Author Topic: travel packs - what's awesome?  (Read 1596 times)

scrubbyfish

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travel packs - what's awesome?
« on: January 06, 2014, 02:08:12 PM »
We do a lot of trips.
I like to have as little stuff as possible.

I bring a small over-the-shoulder bag for 2-3 night urban trips,
a big Rubbermaid bin (or two) for car camping,
and borrow from my boyfriend a pack for my son's camps or for my 5-night hikes.

My son and I have coming up:
a winter camp which has specific baggage requirements imposed,
at least several weeks of summer car camping,
a one-month overseas trip (flight, car, transit),
several week-long retreat-style camps,
a few 2-3 night urban style gigs.

My son's youth organization requires him to have a pack large enough to fit a lot of stuff (sleeping bag, pillow, clothes for a week, etc), but small enough for him (9yo) to carry. Tricky! (I may finally get a stuff sack this year.)

I have used this one for various events: http://www.deakin.com/shop/products/?p=8531 . I really like it, but it's not comfy for 5-night hikes. And I'd go for its duffle/knapsack combo so stuff is easier to access.

I'm eyeing this pack: http://www.mec.ca/product/5031-342/black-diamond-demon-duffle-bag/ but it may be too small for bigger trips while too large for carry-on.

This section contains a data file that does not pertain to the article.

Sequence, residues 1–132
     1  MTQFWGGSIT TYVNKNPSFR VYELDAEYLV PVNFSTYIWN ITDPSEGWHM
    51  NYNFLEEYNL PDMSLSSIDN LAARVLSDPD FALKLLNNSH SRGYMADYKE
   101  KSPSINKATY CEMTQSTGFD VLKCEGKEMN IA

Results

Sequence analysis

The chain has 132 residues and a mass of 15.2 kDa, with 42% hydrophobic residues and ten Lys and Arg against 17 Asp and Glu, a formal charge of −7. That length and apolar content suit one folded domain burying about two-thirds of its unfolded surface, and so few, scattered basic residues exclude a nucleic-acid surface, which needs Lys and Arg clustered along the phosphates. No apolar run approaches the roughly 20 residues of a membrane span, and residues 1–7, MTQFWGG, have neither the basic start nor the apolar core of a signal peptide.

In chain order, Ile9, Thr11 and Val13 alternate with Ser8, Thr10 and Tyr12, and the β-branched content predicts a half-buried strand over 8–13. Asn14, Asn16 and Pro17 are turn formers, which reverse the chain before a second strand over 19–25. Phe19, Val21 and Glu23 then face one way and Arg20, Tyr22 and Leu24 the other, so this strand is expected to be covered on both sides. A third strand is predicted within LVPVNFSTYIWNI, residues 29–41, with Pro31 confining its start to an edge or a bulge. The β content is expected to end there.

I prefer waterproof, horizontally loading, knapsack wear, cleanable, and preferably carry-on size (thought that's the last priority).

I take excellent care of stuff, so things tend to last me many, many years or be very resellable.

What works awesome for you? What are the most versatile options out there? How few packs can support a breadth of travel approaches?

CrochetStache

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Re: travel packs - what's awesome?
« Reply #1 on: January 06, 2014, 05:19:51 PM »
A backpack that fits both a pillow & a sleeping bag & all his clothes and stuff would be huge for that poor kid to carry. And trying to find everything in a stuff sack is a pain! If it starts raining and his rain coat is at the bottom, then all his stuff will get wet as he digs to the bottom for it.

Use a sweatshirt or other extra clothes for a pillow.

Get a backpack with the ability to attach the sleeping bag to the bottom. Lining it's stuff sack with a garbage bag to keep it dry in the rain.

A backpack with lots and lots of pockets and compartments makes it easier to find everything and access necessary items quickly.

Knowing which features you need your pack to have, such as also pass through airport security as carry-on sized will help you find the perfect pack.